ALYSHA BRILLA (SATURDAY, MAIN STAGE, 6:00)
2014 Juno nominee Alysha Brilla is a quickly-rising Tanzanian-Canadian singer, songwriter and producer. She brings a delightfully international sensibility to the business of making pop. Brilla not only sings, she plays guitar, piano and djembe, fusing the traditions of her parentage with the sounds of her generation. Her latest single, “Lifted”, has been moving up the charts this spring. Singing in English with dashes of Swahili, she has toured internationally and nationally; Brilla’s music has been featured on major network television shows such as “King” and “Degrassi; the Next Generation”.
JW JONES (SATURDAY, MAIN STAGE, 7:30)
“Canada’s Top Touring Bluesman”, JW-Jones is never still. Jones has cut records from Hollywood to Sun Studios in Memphis; disc number 7 is on the way. After performing in 18 countries, 4 continents, he’s stopping by the Stewart Park Festival stage for some down-home music and relaxation. Balancing a blistering guitar with a mellow, feel-good vocal delivery, JW Jones promises to help you get your groove on for the evening.
AMANDA BON & THE OUTSKIRTS (SUNDAY, MAIN STAGE, 12:30)
Amanda Bon formed her band in 2010, cherry-picking some of Ottawa’s best players to complement her sound, including Danny Artuso on (guitars, pedal steel, vocals), KEN KANWISHER (Upright bass, accordion), and GILLES LECLERC (Mandolin, vocals). They’ve spend the last four years seasoning and honing their sound and building a following. They recently released a second CD, ‘Down the Road’, under their newly adopted band name, Amanda Bon and The Outskirts. Rootsy, honest, and warm, they are sure set your toes a tappin’.
MIGUEL DE ARMAS (SUNDAY, MAIN STAGE, 1:30)
Miguel de Armas is one of Cuba’s finest exports, carrying on a long tradition of jazz piano. De Armas brings the rhythms of Cuba and America together in a unique blend. He is nimble, percussive, and devastatingly fast. De Armas has recorded over 50 albums in Cuba and the West. He has performed at the Lincoln Centre in New York and has shared the stage with stars including: Chick Corea, Joe Zawinul, McCoy Tyner, Earth Wind and Fire, Afrocuban All Stars, George Benson, Wynton Marsalis, Clark Terry, Sammy Figueroa, Robbie Ammen, and Gilberto Gil. Now based in Ottawa, which he considers his adopted home, de Armas will bring us a taste of Cuba on a sunny afternoon.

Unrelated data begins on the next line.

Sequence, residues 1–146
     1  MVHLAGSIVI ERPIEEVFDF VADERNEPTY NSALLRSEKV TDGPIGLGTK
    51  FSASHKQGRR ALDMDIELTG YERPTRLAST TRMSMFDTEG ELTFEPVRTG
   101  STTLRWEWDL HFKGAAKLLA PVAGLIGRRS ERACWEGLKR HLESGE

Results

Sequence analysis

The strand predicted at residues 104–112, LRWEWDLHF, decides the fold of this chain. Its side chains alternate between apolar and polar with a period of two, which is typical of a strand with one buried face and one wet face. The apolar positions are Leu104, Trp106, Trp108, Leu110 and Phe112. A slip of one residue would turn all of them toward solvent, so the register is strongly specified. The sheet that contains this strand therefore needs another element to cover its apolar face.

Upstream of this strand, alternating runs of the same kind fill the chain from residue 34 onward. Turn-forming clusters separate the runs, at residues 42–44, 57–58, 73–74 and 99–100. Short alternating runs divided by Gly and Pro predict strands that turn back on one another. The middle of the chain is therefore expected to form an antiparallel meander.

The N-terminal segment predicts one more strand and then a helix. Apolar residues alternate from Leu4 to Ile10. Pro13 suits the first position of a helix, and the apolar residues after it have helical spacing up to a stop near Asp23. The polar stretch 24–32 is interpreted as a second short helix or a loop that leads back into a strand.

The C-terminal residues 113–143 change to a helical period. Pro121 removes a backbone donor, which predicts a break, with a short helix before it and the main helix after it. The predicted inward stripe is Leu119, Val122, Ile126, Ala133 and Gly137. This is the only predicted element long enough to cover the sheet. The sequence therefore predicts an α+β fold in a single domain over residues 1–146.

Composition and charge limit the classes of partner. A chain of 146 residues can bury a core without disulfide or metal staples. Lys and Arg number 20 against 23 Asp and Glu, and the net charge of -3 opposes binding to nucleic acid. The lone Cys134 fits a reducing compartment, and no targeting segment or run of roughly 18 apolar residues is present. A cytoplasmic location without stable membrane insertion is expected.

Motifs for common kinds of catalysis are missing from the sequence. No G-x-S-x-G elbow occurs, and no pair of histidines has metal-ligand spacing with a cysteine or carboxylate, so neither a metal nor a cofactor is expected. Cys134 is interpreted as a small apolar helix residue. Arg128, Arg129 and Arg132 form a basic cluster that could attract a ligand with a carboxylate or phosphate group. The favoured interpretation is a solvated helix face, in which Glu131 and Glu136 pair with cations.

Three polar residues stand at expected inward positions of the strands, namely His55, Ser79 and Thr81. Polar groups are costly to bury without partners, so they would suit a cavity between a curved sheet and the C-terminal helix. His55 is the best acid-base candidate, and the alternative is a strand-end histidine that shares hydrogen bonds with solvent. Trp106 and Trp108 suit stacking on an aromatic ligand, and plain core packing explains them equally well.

AMELIA CURRAN (SUNDAY, MAIN STAGE, 2:30)
I made a typo about Curran earlier this month, calling her the smarter songstress instead of the master songstress I had intended. My error was revealing. Clever, witty, dark as a barroom and rough as whisky, Curran’s lyrics and delivery bring Leonard Cohen to mind, but only glancingly, for she is very much her own mistress. With roots in the Newfoundland music scene, and working out of the East Coast for the last decade, Amelia Curran has honed her craft to a fine point. She will grace our stage and our workshops with her warm, forceful voice and masterful songwriting.
DUSTY DRIFTERS (SUNDAY, MAIN STAGE, 3:30)
Ottawa’s Dusty Drifters play Bluegrass. They play bluegrass like they used to play heavy metal and punk — hard, and so fast there’s no stopping. But despite their rock-and-roll roots, they approach Bluegrass with passion and a sense of purity. Their playing is tight, their harmonies angelic, and the music is glorious. They will satisfy Bluegrass purists and casual music fans alike.